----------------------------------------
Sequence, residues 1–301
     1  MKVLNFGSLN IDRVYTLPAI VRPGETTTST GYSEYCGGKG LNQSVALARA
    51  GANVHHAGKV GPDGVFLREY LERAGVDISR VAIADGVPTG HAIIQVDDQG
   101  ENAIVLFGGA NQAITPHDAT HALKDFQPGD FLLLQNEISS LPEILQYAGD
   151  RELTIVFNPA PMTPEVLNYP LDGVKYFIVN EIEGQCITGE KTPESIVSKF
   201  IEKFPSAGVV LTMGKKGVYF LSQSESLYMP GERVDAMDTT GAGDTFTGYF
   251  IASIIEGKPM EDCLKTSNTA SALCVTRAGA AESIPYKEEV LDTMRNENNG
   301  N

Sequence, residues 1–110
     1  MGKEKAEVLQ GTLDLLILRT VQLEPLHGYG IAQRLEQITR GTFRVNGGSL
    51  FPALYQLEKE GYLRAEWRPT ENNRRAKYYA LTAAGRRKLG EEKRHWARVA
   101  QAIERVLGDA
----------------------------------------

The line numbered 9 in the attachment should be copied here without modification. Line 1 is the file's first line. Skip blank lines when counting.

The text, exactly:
Sequence, residues 1–110